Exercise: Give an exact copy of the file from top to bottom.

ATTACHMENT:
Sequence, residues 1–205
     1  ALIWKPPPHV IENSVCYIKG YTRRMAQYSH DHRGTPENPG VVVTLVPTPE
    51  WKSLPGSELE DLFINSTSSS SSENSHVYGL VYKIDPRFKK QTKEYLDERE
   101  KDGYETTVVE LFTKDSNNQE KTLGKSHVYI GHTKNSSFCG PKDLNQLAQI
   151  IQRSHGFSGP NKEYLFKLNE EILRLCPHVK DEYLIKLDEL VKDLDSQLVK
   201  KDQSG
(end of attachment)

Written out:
Sequence, residues 1–205
     1  ALIWKPPPHV IENSVCYIKG YTRRMAQYSH DHRGTPENPG VVVTLVPTPE
    51  WKSLPGSELE DLFINSTSSS SSENSHVYGL VYKIDPRFKK QTKEYLDERE
   101  KDGYETTVVE LFTKDSNNQE KTLGKSHVYI GHTKNSSFCG PKDLNQLAQI
   151  IQRSHGFSGP NKEYLFKLNE EILRLCPHVK DEYLIKLDEL VKDLDSQLVK
   201  KDQSG